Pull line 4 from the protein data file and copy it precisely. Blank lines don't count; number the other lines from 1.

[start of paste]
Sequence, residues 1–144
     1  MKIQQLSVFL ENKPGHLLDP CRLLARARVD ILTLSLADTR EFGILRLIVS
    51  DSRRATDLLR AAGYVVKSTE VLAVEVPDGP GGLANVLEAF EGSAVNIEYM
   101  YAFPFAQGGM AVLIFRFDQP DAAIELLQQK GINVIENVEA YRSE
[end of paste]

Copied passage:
   101  YAFPFAQGGM AVLIFRFDQP DAAIELLQQK GINVIENVEA YRSE